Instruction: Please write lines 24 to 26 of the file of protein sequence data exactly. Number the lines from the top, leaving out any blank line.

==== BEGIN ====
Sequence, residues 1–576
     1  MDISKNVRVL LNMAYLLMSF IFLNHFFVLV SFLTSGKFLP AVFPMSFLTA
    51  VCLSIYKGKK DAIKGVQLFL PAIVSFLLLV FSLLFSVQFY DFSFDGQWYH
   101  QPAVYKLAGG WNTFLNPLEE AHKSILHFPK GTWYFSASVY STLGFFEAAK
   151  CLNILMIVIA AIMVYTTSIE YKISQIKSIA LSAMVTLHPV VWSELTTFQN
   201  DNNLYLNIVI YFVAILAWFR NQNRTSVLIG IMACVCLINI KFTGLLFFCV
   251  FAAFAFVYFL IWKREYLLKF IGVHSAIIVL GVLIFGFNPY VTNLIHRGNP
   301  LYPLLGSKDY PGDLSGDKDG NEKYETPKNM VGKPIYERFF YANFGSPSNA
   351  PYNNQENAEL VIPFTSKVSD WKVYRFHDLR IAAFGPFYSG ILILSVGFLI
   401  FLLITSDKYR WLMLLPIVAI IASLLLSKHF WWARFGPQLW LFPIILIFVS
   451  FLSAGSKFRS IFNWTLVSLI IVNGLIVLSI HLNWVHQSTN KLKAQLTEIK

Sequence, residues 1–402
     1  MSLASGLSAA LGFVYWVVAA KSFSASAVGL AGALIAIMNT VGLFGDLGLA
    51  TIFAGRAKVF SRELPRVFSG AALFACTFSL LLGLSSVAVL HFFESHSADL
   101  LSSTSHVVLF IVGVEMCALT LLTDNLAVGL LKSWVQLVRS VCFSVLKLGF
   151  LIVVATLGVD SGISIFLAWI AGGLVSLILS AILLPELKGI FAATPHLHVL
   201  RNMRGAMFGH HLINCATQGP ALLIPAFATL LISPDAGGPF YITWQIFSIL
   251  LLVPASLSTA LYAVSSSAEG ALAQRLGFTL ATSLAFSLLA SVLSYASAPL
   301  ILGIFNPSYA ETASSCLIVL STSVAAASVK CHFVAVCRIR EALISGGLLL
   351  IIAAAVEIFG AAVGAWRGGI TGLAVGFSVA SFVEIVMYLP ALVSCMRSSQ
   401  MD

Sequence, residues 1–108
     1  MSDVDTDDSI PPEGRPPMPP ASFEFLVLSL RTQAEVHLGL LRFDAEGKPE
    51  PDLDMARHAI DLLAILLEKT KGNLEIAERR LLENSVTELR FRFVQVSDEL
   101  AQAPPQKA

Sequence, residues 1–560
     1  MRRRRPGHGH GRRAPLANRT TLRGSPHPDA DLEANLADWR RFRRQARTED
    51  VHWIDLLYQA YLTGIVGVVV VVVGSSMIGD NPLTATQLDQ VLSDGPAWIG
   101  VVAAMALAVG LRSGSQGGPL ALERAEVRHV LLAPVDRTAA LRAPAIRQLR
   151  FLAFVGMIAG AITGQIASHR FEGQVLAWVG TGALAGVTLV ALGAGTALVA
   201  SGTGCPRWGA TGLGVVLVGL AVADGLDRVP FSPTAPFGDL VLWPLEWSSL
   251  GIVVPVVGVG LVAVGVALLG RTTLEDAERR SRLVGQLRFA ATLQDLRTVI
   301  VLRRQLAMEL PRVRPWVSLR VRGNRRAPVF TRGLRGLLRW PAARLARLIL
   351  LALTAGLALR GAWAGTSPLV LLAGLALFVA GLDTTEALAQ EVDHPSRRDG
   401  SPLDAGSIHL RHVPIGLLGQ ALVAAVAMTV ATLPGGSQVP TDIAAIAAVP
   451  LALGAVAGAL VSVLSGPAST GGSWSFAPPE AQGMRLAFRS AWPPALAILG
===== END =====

    51  PDLDMARHAI DLLAILLEKT KGNLEIAERR LLENSVTELR FRFVQVSDEL
   101  AQAPPQKA

Sequence, residues 1–560